* Francis Collins, the director of the National Institutes of Health, will stay in his post as part of the Donald Trump administration, Renate Myles, chief of the NIH's news media branch, told S&P Global Market Intelligence. Trump is not keeping Obama's chiefs at the FDA and the Centers for Disease Control and Prevention, Robert Califf and Tom Frieden, respectively.
* The U.S. Supreme Court will review a California Supreme Court ruling allowing state courts to hear claims over Bristol-Myers Squibb Co.'s blood-thinning drug Plavix despite the residences of the plaintiffs and the location of the company's headquarters, Reuters wrote. Bristol-Myers Squibb is defending itself against allegations that the drug increased the risk of internal bleeding, heart attack and stroke.
* Bristol-Myers Squibb is no longer seeking accelerated approval in the U.S. for its Opdivo-Yervoy combination in first-line lung cancer. The company said it based the decision on a "review of data available at this time."
In other Bristol-Myers Opdivo news, the company said its cancer drug achieved the desired efficacy and safety benchmarks in a phase 3 clinical trial involving patients with advanced gastric cancer who become intolerant to chemotherapy. The drug significantly reduced the risk of death by 37% in patients suffering from the cancer when compared to placebo.
* Merck & Co. Inc. CEO Ken Frazier told Reuters that non-small cell lung cancer drug Keytruda, which recently obtained priority review status from the U.S. FDA, would potentially lead the competitive cancer race for combination treatments. He also believes that Keytruda in combination therapy would cost less compared to some rival approaches, adding that Merck never had double-digit price increases on its drug offerings.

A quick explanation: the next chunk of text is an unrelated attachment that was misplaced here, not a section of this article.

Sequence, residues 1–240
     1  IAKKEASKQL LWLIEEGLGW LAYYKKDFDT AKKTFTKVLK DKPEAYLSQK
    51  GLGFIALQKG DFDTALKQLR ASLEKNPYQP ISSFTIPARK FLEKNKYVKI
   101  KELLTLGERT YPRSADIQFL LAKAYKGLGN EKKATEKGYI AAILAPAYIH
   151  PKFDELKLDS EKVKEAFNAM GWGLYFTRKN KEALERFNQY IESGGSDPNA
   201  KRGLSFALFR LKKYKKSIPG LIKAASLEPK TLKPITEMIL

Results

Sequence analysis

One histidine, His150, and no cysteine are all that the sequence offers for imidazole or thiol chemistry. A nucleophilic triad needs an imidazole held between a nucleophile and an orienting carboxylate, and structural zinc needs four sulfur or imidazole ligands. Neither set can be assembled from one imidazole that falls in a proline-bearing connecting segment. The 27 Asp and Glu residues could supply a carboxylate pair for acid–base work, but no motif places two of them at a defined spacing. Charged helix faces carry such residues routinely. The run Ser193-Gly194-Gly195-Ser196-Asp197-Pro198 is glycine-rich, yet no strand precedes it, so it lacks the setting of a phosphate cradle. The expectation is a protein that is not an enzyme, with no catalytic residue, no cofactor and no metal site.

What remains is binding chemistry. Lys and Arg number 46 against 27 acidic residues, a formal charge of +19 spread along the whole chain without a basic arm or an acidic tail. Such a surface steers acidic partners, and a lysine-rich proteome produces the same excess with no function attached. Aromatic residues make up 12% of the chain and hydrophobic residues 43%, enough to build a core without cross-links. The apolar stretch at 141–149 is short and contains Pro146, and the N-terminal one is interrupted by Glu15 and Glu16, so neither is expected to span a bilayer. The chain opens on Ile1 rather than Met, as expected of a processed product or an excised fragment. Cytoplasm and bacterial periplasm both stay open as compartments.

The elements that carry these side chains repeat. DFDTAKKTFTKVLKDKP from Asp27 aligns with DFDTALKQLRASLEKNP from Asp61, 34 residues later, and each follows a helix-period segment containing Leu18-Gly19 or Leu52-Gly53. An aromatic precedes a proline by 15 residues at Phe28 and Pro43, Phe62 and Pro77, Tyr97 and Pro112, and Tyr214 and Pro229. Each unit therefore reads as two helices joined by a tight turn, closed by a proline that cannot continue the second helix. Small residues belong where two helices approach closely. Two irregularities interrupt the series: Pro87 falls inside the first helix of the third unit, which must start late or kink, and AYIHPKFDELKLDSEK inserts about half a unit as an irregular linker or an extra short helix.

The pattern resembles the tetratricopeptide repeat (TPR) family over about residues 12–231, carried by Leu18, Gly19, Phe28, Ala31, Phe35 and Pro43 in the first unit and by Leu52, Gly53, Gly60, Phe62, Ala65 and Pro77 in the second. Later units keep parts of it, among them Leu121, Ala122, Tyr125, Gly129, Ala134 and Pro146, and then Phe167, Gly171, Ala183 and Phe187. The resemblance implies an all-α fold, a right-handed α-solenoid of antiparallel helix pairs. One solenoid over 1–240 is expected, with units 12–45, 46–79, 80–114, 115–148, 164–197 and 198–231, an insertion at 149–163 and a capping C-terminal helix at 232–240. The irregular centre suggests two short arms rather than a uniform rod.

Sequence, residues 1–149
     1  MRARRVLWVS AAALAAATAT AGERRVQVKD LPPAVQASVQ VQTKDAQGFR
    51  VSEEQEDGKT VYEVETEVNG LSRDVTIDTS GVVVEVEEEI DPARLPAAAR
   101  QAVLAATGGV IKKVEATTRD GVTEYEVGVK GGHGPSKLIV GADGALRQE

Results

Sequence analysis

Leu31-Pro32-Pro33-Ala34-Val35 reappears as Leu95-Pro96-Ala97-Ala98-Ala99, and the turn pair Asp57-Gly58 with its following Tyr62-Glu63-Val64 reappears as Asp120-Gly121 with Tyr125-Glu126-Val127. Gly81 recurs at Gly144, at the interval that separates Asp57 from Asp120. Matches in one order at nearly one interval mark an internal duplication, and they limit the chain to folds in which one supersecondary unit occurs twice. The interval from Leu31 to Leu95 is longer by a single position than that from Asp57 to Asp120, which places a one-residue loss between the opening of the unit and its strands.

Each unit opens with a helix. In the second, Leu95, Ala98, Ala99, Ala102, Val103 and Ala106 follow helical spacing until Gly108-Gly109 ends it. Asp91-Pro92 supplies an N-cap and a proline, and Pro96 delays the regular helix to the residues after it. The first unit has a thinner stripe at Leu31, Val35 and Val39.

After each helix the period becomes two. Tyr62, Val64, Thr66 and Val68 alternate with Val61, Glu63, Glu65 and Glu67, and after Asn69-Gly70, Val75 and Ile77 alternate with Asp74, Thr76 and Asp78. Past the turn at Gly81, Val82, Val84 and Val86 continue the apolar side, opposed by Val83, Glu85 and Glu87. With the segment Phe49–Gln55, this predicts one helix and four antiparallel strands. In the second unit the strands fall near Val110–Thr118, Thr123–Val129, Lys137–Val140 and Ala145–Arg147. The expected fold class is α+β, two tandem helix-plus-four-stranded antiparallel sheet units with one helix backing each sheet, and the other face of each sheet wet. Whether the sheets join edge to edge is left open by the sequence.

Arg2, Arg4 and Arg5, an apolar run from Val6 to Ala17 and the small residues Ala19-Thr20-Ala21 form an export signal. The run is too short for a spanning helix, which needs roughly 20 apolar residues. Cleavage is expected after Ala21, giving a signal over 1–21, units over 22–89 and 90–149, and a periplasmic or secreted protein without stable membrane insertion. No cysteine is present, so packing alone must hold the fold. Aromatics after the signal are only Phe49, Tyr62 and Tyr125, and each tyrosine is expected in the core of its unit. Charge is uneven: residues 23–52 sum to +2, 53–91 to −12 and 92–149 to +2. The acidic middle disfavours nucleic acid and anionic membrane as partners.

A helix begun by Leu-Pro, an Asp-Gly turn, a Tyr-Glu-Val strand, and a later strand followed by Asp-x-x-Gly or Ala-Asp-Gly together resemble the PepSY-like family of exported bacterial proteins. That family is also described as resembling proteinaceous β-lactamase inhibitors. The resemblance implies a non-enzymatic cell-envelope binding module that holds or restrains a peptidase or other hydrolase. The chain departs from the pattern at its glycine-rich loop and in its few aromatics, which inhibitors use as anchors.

* The U.S. FDA formally launched the Oncology Center of Excellence and named Richard Pazdur its director, effective Jan. 19, advancing the Obama administration's Cancer Moonshot Initiative. The OCE is supposed to leverage the FDA across its centers for devices, drugs and biologics to accelerate the development of oncology-related medical products and promote a coordinated approach to clinical evaluation.
* Sanofi is still seeking to grow through acquisitions despite the "competitive" M&A scene, although it will only do so "if it makes sense strategically," CEO Olivier Brandicourt said at the World Economic Forum in Davos, Switzerland. Brandicourt noted that Sanofi does not want to spend too much on expensive assets and that there are limited potential merger targets, Reuters reported.
* Mylan NV has not yet reached a settlement with the U.S. government for overcharging for the company's anti-allergy EpiPen, the outgoing head of the Centers for Medicare and Medicaid Services, Andy Slavitt, told Sen. Charles Grassley, R-Iowa. Mylan said in October 2016 that it would pay $465 million as a settlement to resolve allegations that it had incorrectly classified EpiPen for the Medicaid program as a generic drug rather than a brand-name medicine, which resulted in the company underpaying rebates and overcharging states for the drug, Reuters noted.